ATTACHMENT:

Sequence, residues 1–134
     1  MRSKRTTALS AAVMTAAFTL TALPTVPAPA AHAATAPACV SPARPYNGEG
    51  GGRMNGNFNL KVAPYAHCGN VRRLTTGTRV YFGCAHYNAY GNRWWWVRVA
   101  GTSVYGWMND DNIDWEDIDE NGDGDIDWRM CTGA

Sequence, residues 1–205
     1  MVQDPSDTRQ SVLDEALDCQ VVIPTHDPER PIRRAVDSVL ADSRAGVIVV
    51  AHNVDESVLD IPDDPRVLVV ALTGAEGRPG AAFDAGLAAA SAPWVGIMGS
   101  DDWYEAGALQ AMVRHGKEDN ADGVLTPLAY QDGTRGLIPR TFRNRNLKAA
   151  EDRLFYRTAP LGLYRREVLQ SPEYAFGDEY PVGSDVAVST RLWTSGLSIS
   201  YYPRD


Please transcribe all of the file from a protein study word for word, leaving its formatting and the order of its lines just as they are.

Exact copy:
Sequence, residues 1–134
     1  MRSKRTTALS AAVMTAAFTL TALPTVPAPA AHAATAPACV SPARPYNGEG
    51  GGRMNGNFNL KVAPYAHCGN VRRLTTGTRV YFGCAHYNAY GNRWWWVRVA
   101  GTSVYGWMND DNIDWEDIDE NGDGDIDWRM CTGA

Sequence, residues 1–205
     1  MVQDPSDTRQ SVLDEALDCQ VVIPTHDPER PIRRAVDSVL ADSRAGVIVV
    51  AHNVDESVLD IPDDPRVLVV ALTGAEGRPG AAFDAGLAAA SAPWVGIMGS
   101  DDWYEAGALQ AMVRHGKEDN ADGVLTPLAY QDGTRGLIPR TFRNRNLKAA
   151  EDRLFYRTAP LGLYRREVLQ SPEYAFGDEY PVGSDVAVST RLWTSGLSIS
   201  YYPRD